In our Stories That Teach series, we look at what some of our favorite works of short fiction can teach us about craft. In the past, we’ve examined the art of the sentence in Lauren Groff’s “Ghosts and Empties” and dissected the creepiness of Laura Benedict’s “When I Make Love to the Bug Man,” to name just two. Today, we examine the ineffable lessons that Susan Minot’s “Lust” can teach us about the fictional form, as well as its concrete commentary—still hauntingly relevant today—on relationships between women and men. You can read Susan Minot’s story here (you need to sign in with Narrative; it is free to register).
This story is about the—implicit and explicit—silencing of and disrespect for women that occurs in their romantic relationships with men. This is something that we certainly touched on, but did not linger over, in class discussions.
Discussed by Sadye Teiser
Susan Minot’s story, “Lust,” was always one of the most popular in the undergraduate creative writing courses I taught. When it came time for students to imitate the form of a story that we had read, many picked Minot’s unusual and pithy piece. “Lust” was originally published in 1989, before most of my students were born. But it teaches what is still a progressive lesson, namely: a story can take any form that it likes.
We would always discuss the story’s form and content, but the greatest lesson that I hoped “Lust” would teach my students was an ineffable one. It was a lesson I could not map on a Frye tag, assign vocabulary to, or quantify in any way. I wanted my students to realize that, though a story can take many shapes: you know a story when you read one. You know this because it feels complete.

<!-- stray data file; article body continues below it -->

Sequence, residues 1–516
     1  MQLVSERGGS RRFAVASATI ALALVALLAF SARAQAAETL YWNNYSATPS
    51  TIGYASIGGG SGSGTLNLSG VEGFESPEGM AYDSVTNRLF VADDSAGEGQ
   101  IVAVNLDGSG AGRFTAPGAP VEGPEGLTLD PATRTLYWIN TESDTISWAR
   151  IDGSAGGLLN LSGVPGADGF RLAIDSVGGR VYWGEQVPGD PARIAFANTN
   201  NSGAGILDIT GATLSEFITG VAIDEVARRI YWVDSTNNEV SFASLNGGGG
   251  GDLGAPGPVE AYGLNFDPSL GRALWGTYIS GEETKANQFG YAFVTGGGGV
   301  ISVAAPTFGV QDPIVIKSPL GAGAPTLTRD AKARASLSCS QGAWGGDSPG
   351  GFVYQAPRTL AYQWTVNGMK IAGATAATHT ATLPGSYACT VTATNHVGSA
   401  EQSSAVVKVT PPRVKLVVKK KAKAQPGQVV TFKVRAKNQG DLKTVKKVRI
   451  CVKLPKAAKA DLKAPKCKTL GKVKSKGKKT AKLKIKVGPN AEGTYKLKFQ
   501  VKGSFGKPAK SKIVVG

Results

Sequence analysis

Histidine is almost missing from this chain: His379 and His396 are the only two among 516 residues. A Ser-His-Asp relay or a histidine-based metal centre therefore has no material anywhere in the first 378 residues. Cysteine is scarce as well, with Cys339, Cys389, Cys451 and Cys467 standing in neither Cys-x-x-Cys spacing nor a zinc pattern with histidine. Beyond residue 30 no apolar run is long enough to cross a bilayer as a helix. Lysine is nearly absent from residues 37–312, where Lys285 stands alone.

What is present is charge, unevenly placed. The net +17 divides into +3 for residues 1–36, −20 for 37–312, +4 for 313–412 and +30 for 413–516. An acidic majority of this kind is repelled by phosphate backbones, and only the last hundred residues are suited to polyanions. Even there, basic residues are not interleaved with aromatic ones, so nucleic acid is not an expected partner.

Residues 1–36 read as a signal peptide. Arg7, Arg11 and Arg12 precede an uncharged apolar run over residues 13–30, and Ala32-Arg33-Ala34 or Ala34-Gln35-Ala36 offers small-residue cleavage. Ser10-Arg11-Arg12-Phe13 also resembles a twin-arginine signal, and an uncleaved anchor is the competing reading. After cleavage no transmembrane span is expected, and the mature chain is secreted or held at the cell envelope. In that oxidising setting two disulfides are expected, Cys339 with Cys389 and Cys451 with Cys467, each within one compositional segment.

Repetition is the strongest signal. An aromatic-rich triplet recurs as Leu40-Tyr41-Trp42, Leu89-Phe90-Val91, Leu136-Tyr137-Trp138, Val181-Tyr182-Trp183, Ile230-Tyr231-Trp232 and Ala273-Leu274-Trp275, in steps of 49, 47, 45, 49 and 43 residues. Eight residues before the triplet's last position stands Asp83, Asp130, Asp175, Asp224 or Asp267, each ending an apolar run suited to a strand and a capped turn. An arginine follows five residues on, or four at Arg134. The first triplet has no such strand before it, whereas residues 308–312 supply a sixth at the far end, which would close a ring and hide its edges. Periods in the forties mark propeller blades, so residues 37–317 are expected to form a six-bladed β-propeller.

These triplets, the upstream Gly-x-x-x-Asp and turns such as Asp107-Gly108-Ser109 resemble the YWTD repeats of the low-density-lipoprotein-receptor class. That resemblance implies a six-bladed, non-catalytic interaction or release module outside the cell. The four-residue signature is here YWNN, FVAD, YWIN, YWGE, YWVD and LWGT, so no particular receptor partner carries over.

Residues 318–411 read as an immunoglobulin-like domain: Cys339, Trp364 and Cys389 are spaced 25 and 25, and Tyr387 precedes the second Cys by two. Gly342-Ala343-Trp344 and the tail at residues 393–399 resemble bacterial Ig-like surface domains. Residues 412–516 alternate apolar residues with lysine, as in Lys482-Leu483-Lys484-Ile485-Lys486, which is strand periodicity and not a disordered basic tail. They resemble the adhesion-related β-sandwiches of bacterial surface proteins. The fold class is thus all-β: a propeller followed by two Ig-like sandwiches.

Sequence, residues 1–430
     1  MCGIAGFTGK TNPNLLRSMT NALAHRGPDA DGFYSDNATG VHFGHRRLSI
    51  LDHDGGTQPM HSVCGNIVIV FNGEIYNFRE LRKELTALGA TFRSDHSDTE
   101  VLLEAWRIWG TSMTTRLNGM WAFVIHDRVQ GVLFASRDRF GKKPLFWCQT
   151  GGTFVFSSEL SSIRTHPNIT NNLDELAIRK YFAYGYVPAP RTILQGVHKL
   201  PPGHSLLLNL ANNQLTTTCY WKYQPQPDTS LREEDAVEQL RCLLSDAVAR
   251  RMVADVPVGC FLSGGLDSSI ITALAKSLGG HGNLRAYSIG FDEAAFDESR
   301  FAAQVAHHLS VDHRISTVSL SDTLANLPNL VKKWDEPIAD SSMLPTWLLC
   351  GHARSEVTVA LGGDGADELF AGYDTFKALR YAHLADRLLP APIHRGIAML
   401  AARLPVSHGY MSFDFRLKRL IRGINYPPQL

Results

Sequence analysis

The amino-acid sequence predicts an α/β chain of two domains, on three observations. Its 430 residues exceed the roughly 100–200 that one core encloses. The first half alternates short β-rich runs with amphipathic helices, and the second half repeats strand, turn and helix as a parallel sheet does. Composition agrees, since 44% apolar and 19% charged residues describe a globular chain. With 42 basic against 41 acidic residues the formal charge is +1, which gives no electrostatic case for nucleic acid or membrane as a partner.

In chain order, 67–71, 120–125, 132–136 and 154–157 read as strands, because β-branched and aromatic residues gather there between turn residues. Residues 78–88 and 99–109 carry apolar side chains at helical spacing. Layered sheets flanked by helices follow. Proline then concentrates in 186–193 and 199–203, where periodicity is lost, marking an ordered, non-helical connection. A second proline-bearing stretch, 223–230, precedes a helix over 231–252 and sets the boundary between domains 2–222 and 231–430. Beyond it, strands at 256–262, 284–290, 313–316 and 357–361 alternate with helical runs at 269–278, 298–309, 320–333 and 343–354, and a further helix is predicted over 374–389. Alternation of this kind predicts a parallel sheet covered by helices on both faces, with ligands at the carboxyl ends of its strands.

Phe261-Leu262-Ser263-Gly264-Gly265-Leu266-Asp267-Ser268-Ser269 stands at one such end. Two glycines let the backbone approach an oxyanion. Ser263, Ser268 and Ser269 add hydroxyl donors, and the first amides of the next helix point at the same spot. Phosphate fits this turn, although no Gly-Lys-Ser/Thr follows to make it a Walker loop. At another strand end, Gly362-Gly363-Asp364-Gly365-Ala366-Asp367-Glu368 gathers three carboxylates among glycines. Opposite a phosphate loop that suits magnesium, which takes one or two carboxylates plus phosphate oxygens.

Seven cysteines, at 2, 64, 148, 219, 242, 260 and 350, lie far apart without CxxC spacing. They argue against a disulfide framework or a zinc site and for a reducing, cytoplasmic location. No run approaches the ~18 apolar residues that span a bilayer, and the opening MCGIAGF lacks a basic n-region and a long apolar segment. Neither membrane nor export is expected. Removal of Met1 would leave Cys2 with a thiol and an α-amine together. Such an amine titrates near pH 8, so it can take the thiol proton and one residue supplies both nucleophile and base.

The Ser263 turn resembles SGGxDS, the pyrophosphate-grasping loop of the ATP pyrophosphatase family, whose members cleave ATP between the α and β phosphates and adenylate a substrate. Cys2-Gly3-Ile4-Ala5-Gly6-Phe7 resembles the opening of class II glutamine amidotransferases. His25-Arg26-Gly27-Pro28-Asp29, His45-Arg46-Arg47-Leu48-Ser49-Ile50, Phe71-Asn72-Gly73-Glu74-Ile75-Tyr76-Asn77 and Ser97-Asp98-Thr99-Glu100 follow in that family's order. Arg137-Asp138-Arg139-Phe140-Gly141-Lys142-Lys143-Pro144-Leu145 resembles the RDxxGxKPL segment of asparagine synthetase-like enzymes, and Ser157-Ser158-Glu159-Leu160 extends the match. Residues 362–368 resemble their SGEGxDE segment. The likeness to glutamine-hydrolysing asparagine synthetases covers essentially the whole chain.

Susan Minot’s “Lust” chronicles the relationships that its unnamed protagonist has with men while she is at boarding school. It is told in a series of stand-alone parts, from a sentence to a paragraph in length, that together form a cohesive story. They are told in first person and second person, in past and present tense.
There is a section about the protagonist’s parents, and their oblivious remarks about the boyfriends she had at boarding school. Though brief, the passage is brimming with specificity, such as the closing line: “My father was too shy to talk to them at all unless they played sports and he’d ask them about that.” There is a poignant, short section about the songs she associates with certain men. There is a sweeter, melancholy passage about a boy who dies in a car crash shortly after his tryst with the protagonist.
In one passage, she spends the night with a guy who is too shy to make a move until, as they fall asleep, he puts his arm around her—and that is the extent of it. Another passage describes a romance on a camping trip, sleeping bags zipped together. In another section, our protagonist talks, bluntly, about all the different types of penises she’s seen, remarking: “But it’s like faces; you’re never really surprised.”